Tag Archives: decorations

A model for keeping Christmas

selectingthechristmastreebybrucestambaugh

By Bruce Stambaugh

My late father loved Christmas. In truth, he lived for Christmas. Dad got so excited about Christmas it was as if our poor mother had six children, not five. When it came to Christmas, Dad was a grown man who never grew up.

Dad’s exuberance for the holiday was prolific, to the point of over-spending an already limited income. No matter the economy, there were always plenty of presents for everyone under our Christmas tree. I really don’t know how my folks financially did it.

dickstambaughbybrucestambaugh

My late father, Dick Stambaugh, with Senator Bob Dole at the World War II Memorial, Washinngton, D.C., Sept. 12, 2009

His joy for the season wasn’t limited to gift giving. Dad dragged us downtown in frigid weather to watch Santa arrive on a fire truck in the annual Christmas parade. He hauled us to his workplace where we stood in line with thousands of others to receive Christmas candy and small gifts.

Choosing the Christmas tree became a family event, too. Dad would stuff as many of us kids as he could catch into the car, and off we went, oftentimes tromping through the snow to select and cut the perfect tree.

Dad made the house a priority for being properly trimmed for Christmas. The tree was erected in front of the large plate glass window in the living room for all to see. Garland, tinsel, lights and heirloom ornaments nearly hid the needles. The plastic white star always crowned the glittery tree.

decoratedtreebybrucestambaugh

A little plastic church that lit up took center stage on the fireplace mantel between a pair of red candles in glinting glass holders. Of course, the stockings were all hung with care around the hearth.

Dad’s perennial priority project, however, was outside the house. His beloved light display seemed to grow each year. It started with the six-foot pine planted on the corner of our lot at 44th and Harrison in Canton, Ohio. It was a rather busy intersection in our post-World War II suburban neighborhood.

Dad loved to load up the tree with string after string of colored lights. The single lighting option then was using strands of large bulbs, which were individually screwed in. We got lots of compliments about the tree, which only encouraged Dad all the more.

As the tree grew, he added additional cords of lights. Later, the extension ladder came out until it was no longer practical for Dad to try to decorate a 20-foot tree. Instead, he loaded up the shrubbery with lights, and outlined the ridge of the house with those big bulb lights. By then, all of us kids were no longer kids. We had grown, married and had families of our own.

christmasgatheringbybrucestambaugh

Each Christmas the Stambaugh family, like thousands upon thousands of other families, gather to celebrate the day and its meaning. We continued to do so long after our parents were unable to host the annual family gathering. Our late mother, Marian Stambaugh, is in the center of attention.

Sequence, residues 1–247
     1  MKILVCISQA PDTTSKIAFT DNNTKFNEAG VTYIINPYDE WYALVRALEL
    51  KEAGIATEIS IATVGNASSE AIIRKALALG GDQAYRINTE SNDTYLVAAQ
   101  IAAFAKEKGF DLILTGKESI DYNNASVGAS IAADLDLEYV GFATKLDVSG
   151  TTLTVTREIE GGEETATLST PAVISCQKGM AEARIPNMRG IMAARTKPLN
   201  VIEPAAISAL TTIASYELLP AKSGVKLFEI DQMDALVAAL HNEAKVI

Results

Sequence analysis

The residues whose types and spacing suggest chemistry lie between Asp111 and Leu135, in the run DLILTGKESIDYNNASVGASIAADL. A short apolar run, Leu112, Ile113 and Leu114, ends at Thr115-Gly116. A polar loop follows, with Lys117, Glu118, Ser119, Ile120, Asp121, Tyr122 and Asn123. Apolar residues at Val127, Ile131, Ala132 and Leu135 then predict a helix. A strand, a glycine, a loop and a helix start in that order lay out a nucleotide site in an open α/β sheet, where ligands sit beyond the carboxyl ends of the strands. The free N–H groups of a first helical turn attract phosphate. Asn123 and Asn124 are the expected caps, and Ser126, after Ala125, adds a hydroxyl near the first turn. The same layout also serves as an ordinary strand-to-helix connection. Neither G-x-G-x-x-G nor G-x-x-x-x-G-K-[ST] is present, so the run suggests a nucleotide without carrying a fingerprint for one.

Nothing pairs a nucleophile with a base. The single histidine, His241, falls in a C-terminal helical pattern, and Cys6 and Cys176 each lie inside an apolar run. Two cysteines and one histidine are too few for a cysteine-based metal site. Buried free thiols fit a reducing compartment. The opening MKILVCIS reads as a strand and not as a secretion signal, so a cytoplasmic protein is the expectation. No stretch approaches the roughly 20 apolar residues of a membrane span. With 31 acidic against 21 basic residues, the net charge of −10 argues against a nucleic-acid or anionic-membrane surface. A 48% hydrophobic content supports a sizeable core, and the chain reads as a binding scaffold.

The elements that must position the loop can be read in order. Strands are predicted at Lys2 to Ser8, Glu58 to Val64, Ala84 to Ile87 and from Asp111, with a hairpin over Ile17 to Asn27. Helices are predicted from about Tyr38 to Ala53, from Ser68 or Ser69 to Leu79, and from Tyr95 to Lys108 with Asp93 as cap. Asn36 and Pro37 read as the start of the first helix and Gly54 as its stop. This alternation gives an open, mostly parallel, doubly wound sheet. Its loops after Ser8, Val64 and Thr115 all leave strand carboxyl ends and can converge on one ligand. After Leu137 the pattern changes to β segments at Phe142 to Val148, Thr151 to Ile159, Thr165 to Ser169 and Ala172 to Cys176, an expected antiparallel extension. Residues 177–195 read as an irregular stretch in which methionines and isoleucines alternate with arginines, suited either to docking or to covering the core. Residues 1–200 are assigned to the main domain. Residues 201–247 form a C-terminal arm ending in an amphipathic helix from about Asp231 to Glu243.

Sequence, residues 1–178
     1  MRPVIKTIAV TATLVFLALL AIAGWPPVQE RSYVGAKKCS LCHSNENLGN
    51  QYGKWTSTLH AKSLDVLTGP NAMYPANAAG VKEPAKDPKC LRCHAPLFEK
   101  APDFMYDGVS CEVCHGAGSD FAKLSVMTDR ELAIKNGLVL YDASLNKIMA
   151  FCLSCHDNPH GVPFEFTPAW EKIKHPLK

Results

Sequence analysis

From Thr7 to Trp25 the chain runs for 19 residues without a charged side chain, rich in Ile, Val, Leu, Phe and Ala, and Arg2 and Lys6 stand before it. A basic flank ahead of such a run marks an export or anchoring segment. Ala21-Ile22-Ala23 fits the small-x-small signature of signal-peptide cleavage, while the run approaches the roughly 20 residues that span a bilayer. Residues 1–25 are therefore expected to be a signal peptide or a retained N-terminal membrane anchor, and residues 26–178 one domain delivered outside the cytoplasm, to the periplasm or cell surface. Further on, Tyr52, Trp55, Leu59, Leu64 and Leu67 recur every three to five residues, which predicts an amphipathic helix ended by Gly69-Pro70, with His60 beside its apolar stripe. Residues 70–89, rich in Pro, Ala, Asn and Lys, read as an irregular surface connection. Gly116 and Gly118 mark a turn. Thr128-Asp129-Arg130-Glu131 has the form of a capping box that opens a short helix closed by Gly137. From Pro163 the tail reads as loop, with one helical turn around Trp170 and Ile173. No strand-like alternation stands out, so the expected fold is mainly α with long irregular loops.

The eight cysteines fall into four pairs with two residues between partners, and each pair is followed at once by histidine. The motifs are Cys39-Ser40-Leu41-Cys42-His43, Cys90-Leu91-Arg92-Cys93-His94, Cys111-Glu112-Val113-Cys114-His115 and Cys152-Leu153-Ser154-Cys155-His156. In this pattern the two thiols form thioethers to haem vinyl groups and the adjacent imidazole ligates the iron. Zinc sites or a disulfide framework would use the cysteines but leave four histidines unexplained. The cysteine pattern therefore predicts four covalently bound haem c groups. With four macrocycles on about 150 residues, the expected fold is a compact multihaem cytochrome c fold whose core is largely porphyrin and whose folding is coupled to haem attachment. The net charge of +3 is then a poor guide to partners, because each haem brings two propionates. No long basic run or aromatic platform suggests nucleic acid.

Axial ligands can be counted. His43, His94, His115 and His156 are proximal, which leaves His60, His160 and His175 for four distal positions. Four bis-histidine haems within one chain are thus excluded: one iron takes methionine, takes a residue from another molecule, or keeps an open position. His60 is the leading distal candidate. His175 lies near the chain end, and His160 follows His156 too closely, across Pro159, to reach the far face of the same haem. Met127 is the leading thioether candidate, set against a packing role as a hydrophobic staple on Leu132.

Dad kept his holiday lighting tradition going nevertheless. When the dainty icicle lights came out, Dad draped those from the multi-colored lights around the facing of the house. It was festive, but not exactly aesthetically award winning.

Dad capped off the holiday merriment with buying out the neighborhood candy store of its assortment of tasty chocolates. I think he alone kept the store in business for years.

On each Christmas Day, my brothers and sisters and I gathered with our families and extended families in the home where we grew up out of celebration for the day and respect for our Santa Claus parents. Those were magical days, made more so by a man who refused to grow up, and who bequeathed his fervor for sharing joy to the next generation and the next.

If anyone knew how to keep Christmas, our spirited father, artfully aided by our loving mother, surely did.

christmastraditionbybrucestambaugh

Keeping the Christmas tradition alive in the Stambaugh family.

© Bruce Stambaugh 2012

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Pumpkins are for more than pie

Great pumpkin by Bruce Stambaugh

Pumpkins, including the Great Pumpkin apparently, are sold in lots of large boxs at a produce auction near Mt. Hope, OH.


By Bruce Stambaugh

Besides the colorful leaves, pumpkins have to be right up there as one of the top icons of fall. The portly orange fruit seems to be everywhere this time of year.

By their sheer numbers, people appear to be in love with pumpkins. Maybe that’s because they don’t have to rake them like they do the pumpkin’s leafy fall compatriots.

Perhaps the pumpkin’s versatility is the primary reason for its popularity. Pumpkins are used for all sorts of things. My favorite, of course, is in pumpkin pie; hold the whipped cream please.

Pumpkin pie by Bruce Stambaugh

My wife's fabulous pumpkin pie.


I know I’m prejudiced. I’m partial to the pies my good wife makes. That doesn’t deter me, however, from enjoying the baking efforts of others just to prove my point.